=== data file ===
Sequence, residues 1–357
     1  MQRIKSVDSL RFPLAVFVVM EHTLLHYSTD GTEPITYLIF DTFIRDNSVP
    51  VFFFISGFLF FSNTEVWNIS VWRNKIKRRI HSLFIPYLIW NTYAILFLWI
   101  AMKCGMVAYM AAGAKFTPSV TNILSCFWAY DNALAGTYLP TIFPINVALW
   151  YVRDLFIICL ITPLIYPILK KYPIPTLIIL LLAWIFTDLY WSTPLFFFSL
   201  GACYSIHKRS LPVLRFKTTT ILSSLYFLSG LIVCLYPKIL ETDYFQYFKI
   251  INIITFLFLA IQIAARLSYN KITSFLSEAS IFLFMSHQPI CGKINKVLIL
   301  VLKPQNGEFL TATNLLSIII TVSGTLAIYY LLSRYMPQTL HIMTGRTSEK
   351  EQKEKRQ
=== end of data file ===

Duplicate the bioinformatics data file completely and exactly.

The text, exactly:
Sequence, residues 1–357
     1  MQRIKSVDSL RFPLAVFVVM EHTLLHYSTD GTEPITYLIF DTFIRDNSVP
    51  VFFFISGFLF FSNTEVWNIS VWRNKIKRRI HSLFIPYLIW NTYAILFLWI
   101  AMKCGMVAYM AAGAKFTPSV TNILSCFWAY DNALAGTYLP TIFPINVALW
   151  YVRDLFIICL ITPLIYPILK KYPIPTLIIL LLAWIFTDLY WSTPLFFFSL
   201  GACYSIHKRS LPVLRFKTTT ILSSLYFLSG LIVCLYPKIL ETDYFQYFKI
   251  INIITFLFLA IQIAARLSYN KITSFLSEAS IFLFMSHQPI CGKINKVLIL
   301  VLKPQNGEFL TATNLLSIII TVSGTLAIYY LLSRYMPQTL HIMTGRTSEK
   351  EQKEKRQ